Commencement 2014: URI senior graduating with chemical engineering and chemistry degrees achieves the American dream: a college education

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KINGSTON, R.I. – April 17, 2014 – On the sidelines of a poultry plant during third shift in 2005, a smug supervisor told Charles Rushimisha he would be aligning chicken on a conveyor belt earning minimum wage for the rest of his life. Moving up in America, the manager said, required a college degree that Rushimisha would never hold. After all, the young man just emigrated from Rwanda, barely spoke English, lacked money and had no family support.


Rushimisha initially offended, took it as a challenge. Nine years later, he is poised to graduate from the University of Rhode Island with a dual degree in chemical engineering and chemistry. He’ll become the first in his family to earn a college degree and will likely graduate magna cum laude among the top of his class.

“Anybody can do it,” says Rushimisha, of Narragansett. “It doesn’t matter where you’re from or your story.”


Rushimisha grew up in Congo and Rwanda shifting among family members after his parents died in the 1994 Rwandan genocide that cost more than 500,000 lives. Growing up, he had no childhood home and no playground where memories were forged. Nonetheless, Rushimisha excelled in math and physics during high school and friends encouraged him to become a teacher. They called it the responsible path to take, to give back to other African children.


But Rushimisha never took to the idea of teaching. While mulling his options, he stopped in a library and picked up an English language magazine in an effort to learn the language. He overheard a young man telling his parents about applying for a visa to attend college in America.


“I used to hear about America and see it on TV but I didn’t see myself there. I didn’t see how I could end up there,” Rushimisha says. “Then I heard this guy and in my mind I was like, ‘this is doable.’ ”


He did some research and headed to the U.S. consulate. A staffer took a liking to him, approved his visa and encouraged him to settle in her native Maine with its relatively small community and friendly population. Rushimisha landed in the United States at Dulles International Airport on Nov. 7, 2005 with little more than the clothes on his back. He lived in a Portland shelter for a few weeks before connecting with other African emigrants and finding a job at Barber Foods.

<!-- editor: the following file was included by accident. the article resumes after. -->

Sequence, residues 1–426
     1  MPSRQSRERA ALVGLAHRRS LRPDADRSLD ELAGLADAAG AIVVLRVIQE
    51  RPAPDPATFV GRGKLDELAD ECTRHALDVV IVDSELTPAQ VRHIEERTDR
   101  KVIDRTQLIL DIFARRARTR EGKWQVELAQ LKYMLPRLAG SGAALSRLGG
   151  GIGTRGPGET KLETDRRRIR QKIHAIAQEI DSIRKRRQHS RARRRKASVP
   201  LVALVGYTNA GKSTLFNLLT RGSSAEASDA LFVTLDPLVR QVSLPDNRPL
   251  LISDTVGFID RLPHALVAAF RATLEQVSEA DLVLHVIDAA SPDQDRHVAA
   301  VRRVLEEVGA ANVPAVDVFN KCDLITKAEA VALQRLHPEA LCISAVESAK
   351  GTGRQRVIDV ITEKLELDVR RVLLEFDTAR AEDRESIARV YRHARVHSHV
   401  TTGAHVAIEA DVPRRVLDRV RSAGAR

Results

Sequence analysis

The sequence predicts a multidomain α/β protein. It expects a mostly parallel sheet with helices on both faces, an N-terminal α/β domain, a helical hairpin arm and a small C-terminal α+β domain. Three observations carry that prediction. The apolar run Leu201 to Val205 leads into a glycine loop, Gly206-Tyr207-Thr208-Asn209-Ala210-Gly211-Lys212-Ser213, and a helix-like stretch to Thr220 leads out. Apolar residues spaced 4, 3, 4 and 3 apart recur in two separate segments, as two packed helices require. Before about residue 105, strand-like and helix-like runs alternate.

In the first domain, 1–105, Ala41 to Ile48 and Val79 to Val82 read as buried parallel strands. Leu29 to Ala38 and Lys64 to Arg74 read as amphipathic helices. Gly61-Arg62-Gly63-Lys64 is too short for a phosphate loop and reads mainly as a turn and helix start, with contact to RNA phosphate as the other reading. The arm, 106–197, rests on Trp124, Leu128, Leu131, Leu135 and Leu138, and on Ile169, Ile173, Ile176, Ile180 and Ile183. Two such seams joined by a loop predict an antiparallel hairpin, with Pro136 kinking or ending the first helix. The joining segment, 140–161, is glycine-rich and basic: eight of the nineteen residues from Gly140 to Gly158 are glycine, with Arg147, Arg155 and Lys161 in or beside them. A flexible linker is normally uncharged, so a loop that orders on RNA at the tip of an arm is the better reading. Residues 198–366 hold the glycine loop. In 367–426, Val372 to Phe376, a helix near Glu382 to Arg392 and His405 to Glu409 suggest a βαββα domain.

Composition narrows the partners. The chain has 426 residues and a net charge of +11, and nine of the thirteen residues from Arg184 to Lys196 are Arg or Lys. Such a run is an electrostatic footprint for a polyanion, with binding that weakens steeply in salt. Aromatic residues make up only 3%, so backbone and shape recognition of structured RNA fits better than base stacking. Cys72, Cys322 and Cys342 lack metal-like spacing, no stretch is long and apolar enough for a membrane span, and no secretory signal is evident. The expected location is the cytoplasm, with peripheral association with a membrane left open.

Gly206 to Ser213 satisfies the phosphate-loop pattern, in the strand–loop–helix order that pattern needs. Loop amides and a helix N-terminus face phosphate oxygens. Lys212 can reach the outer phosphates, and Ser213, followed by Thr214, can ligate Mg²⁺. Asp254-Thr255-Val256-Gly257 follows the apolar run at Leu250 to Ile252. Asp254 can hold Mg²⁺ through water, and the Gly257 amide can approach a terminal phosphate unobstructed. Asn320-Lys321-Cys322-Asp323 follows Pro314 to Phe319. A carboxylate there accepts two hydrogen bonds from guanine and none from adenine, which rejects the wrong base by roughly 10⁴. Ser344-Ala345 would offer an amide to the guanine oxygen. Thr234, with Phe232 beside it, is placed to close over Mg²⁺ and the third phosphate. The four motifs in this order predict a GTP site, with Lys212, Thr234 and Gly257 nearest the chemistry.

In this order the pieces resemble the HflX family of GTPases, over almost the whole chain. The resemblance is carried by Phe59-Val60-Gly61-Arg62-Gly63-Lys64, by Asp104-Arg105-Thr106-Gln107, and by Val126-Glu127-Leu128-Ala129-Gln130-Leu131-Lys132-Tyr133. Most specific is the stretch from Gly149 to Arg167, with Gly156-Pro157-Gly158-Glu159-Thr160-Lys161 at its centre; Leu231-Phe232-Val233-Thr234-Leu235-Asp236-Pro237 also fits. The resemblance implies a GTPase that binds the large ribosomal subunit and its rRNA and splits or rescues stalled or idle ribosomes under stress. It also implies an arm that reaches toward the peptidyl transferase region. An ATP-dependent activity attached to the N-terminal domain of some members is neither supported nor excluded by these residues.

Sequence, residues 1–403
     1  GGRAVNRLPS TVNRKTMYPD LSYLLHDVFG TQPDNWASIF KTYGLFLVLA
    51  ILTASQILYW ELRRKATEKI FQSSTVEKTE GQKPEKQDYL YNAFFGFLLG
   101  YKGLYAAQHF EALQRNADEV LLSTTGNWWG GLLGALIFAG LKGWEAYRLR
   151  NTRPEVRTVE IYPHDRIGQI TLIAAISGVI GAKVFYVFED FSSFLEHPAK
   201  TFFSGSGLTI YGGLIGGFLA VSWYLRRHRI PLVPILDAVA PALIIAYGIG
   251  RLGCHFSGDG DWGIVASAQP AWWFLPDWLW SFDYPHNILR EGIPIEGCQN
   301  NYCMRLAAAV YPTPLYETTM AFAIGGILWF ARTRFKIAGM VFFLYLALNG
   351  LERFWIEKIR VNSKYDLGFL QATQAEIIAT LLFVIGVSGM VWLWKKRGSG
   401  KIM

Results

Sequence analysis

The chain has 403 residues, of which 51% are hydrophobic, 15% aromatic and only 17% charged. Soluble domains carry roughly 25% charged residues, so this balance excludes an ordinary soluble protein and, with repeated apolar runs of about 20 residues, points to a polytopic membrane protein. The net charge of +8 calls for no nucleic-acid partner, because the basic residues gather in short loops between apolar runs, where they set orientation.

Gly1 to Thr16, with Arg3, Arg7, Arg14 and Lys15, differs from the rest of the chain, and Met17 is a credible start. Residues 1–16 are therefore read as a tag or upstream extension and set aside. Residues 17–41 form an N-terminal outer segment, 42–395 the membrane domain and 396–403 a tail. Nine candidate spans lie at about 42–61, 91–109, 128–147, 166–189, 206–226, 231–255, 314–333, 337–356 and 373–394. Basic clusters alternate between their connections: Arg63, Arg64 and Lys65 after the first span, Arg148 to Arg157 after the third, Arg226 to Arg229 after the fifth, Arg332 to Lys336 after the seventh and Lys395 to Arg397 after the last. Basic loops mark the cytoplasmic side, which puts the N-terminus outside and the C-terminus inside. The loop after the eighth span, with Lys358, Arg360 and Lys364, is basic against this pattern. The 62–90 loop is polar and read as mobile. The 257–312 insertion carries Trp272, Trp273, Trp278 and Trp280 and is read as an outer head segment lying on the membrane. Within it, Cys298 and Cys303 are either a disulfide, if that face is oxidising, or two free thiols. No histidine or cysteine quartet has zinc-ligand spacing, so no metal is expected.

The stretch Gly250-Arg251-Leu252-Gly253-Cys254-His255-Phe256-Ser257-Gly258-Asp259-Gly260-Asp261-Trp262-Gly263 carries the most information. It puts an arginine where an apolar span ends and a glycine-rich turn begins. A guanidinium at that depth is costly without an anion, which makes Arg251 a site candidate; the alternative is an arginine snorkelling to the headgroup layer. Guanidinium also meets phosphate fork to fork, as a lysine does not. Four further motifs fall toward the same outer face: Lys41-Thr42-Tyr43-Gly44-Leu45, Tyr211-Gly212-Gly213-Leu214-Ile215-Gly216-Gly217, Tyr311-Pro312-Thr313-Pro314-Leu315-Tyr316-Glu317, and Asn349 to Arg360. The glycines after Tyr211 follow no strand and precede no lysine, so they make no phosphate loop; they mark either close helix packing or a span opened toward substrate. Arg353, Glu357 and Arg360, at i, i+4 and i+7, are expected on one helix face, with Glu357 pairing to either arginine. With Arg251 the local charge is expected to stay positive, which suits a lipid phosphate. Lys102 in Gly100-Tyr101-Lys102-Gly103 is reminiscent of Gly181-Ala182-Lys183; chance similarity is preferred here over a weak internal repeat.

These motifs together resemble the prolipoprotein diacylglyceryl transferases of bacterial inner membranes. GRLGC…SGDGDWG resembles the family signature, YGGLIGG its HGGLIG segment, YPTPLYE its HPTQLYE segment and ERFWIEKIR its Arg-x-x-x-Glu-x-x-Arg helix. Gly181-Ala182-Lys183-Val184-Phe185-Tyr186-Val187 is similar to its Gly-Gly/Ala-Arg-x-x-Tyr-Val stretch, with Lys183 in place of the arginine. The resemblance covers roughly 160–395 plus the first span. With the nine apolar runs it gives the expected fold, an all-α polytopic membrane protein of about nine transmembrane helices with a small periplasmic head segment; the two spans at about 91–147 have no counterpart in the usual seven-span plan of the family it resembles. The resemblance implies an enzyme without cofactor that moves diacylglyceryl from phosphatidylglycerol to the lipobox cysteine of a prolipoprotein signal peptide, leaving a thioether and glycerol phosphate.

At Barber Foods, he saw supervisors making more than twice his wage for work with less physical labor. The manager’s comments about college inspired him to enroll in classes at the University of Southern Maine. To pay the bills, he took a second job helping mentally challenged children, which he calls the most humbling experience in his life. Encouraged by a professor, Rushimisha started looking for colleges that offered chemical engineering, something not available at his current school.


He found the University of Rhode Island online and was attracted by its modest enrollment and the region’s weather.


“It’s a small enough community to get noticed but it’s big enough for you to acquire the skills you need,” he says.


Making the transition was initially difficult. In Maine, Rushimisha had been sending home much of his income. During his first semester at URI he couldn’t afford textbooks and borrowed them from classmates. He eventually connected with the University’s Talent Development Program, the College of Engineering’s Minority Outreach Office and others who matched him with financial aid and on-campus jobs. He now owns his textbooks, lives in an apartment and enjoys the occasional night out or Sunday watching football with friends.


His academic success has captured the attention of URI. He recently received the Saint Elmo Brady Award for Outstanding Achievement in Science during the annual Black Scholar Awards ceremony. He also received the University’s Jerry and Evelyn Rhoads Memorial Scholarship and the Gray Family Scholarship.


“You have no idea what this community did for me,” Rushimisha says. “What I got from people here is a gift I am going to cherish forever.”


That gift Rushimisha hopes to leverage into acceptance at graduate school and then a career as a petroleum engineer. Ultimately, Rushimisha wants to spend a decade or so in the United States earning money and then return to central Africa to start his own business tapping oil from recently discovered oil fields. The economic impact from developing an oil industry could dramatically reshape the region still recovering from more than a decade of war.


“I love America. I would die for America but I don’t think America needs me as much as Congo and Rwanda,” Rushimisha says. “Those countries, that’s where there is need.”


Photo above: Charles Rushimisha, of Narragansett, a senior who is graduating in May with a dual degree in chemical engineering and chemistry.

Photo by Chris Barrett, a writer for the College of Engineering at URI. Barrett also wrote the release.